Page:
whither


From The Collaborative International Dictionary of English v.0.48:

Whither \Whith"er\, adv. [OE. whider. AS. hwider; akin to E.
   where, who; cf. Goth. hvadr[=e] whither. See Who, and cf.
   Hither, Thither.]
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   1. To what place; -- used interrogatively; as, whither goest
      thou? "Whider may I flee?" --Chaucer.
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            Sir Valentine, whither away so fast?  --Shak.
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   2. To what or which place; -- used relatively.
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            That no man should know . . . whither that he went.
                                                  --Chaucer.
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            We came unto the land whither thou sentest us.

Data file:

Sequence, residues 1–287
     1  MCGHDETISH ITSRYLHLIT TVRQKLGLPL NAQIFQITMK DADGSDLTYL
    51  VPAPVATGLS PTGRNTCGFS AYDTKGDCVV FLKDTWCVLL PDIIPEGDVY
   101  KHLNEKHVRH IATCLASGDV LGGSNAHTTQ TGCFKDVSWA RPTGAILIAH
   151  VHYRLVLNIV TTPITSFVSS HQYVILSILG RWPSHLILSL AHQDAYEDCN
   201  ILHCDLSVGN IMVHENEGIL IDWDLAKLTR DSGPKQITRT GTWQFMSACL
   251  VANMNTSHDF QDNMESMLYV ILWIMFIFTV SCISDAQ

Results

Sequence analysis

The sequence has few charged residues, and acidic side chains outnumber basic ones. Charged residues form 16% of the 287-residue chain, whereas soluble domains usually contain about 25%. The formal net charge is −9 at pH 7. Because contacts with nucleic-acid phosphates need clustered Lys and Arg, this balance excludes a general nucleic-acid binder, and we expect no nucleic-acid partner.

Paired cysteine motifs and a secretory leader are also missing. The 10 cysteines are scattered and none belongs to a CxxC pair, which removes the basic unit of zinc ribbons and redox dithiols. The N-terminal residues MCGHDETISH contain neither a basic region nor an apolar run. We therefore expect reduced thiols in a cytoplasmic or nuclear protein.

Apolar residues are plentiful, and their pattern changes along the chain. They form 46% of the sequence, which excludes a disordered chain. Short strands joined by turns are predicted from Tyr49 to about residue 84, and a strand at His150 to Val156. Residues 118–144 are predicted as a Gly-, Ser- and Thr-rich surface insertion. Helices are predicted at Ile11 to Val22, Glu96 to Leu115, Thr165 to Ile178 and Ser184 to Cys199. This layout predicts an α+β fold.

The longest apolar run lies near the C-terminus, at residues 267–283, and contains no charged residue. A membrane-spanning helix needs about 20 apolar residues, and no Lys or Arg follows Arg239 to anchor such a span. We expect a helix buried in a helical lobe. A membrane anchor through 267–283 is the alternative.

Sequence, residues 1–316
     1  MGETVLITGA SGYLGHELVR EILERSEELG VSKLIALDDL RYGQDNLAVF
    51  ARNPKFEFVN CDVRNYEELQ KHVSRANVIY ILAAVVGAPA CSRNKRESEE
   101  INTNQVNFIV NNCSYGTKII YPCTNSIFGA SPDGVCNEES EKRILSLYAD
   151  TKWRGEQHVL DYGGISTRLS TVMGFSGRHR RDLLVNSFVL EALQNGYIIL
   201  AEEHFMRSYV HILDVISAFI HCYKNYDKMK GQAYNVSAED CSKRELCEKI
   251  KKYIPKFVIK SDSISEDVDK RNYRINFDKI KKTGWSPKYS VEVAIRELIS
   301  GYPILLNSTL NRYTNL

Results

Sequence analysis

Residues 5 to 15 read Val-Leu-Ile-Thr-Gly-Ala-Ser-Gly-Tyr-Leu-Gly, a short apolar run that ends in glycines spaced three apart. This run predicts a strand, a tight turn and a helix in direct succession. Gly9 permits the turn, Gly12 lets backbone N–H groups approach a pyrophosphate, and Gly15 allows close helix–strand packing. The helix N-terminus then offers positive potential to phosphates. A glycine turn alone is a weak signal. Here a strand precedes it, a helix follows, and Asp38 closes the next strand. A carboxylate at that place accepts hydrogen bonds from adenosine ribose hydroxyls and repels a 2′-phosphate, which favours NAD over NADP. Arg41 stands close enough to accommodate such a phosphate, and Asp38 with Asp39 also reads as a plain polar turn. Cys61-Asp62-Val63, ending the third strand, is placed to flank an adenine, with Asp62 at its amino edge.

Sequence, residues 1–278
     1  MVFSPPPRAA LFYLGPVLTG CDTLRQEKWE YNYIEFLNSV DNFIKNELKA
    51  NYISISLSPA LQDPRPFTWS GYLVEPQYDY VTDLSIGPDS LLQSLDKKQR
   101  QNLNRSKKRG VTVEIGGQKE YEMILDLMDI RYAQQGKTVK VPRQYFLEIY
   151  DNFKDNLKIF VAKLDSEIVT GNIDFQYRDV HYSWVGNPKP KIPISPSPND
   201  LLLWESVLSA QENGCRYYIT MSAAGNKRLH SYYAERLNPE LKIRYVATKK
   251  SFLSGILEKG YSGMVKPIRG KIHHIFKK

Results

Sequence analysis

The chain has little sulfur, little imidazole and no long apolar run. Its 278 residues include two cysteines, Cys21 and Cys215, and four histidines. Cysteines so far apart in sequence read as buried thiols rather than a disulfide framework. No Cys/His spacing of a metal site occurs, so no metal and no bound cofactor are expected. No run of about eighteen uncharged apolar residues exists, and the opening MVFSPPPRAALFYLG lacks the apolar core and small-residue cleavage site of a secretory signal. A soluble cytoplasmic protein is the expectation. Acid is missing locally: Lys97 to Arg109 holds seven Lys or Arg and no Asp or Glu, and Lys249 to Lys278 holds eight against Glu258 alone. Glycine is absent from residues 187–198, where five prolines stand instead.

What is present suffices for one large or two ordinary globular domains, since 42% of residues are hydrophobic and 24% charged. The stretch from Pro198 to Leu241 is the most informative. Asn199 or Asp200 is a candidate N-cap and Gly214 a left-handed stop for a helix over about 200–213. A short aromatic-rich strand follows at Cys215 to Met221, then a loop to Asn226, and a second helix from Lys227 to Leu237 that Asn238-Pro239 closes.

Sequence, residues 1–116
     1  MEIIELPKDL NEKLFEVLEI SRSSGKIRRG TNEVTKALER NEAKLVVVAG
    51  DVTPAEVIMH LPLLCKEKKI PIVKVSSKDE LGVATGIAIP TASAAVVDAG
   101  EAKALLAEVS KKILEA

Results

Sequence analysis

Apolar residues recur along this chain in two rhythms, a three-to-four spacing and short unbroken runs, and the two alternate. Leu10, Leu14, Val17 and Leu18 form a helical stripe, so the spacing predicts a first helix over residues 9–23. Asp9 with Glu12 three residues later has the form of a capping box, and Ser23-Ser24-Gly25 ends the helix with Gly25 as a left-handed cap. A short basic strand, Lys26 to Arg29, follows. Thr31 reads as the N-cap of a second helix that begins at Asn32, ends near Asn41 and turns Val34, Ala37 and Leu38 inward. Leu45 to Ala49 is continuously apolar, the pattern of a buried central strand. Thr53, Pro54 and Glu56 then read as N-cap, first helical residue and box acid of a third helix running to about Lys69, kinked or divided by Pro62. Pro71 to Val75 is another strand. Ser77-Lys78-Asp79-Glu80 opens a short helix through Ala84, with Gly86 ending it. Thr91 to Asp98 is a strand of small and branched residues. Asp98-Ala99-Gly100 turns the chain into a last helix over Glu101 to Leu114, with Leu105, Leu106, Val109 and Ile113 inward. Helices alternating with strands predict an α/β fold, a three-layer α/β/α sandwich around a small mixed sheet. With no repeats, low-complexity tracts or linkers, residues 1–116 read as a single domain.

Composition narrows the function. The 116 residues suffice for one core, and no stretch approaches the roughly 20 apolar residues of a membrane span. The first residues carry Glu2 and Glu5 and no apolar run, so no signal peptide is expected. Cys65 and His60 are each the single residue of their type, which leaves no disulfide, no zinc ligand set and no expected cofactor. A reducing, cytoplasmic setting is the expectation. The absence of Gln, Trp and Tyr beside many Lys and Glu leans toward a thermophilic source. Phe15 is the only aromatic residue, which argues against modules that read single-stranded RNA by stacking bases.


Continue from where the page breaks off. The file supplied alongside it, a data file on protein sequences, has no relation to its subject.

--Num. xiii.
                                                  27.
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   3. To what point, degree, end, conclusion, or design;
      whereunto; whereto; -- used in a sense not physical.
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            Nor have I . . . whither to appeal.   --Milton.
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   Any whither, to any place; anywhere. [Obs.] "Any whither,
      in hope of life eternal." --Jer. Taylor.

   No whither, to no place; nowhere. [Obs.] --2 Kings v. 25.
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   Syn: Where.

   Usage: Whither, Where. Whither properly implies motion to
          place, and where rest in a place. Whither is now,
          however, to a great extent, obsolete, except in
          poetry, or in compositions of a grave and serious
          character and in language where precision is required.
          Where has taken its place, as in the question, "Where
          are you going?"
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